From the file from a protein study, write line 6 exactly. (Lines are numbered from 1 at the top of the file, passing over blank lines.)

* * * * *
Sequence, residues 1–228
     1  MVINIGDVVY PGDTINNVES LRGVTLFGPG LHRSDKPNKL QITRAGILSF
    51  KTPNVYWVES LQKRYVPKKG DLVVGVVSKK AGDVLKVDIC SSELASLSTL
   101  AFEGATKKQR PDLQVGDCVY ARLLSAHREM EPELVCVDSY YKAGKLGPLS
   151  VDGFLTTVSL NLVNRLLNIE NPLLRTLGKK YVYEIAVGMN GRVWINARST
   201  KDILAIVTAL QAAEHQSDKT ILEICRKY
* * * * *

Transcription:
   201  KDILAIVTAL QAAEHQSDKT ILEICRKY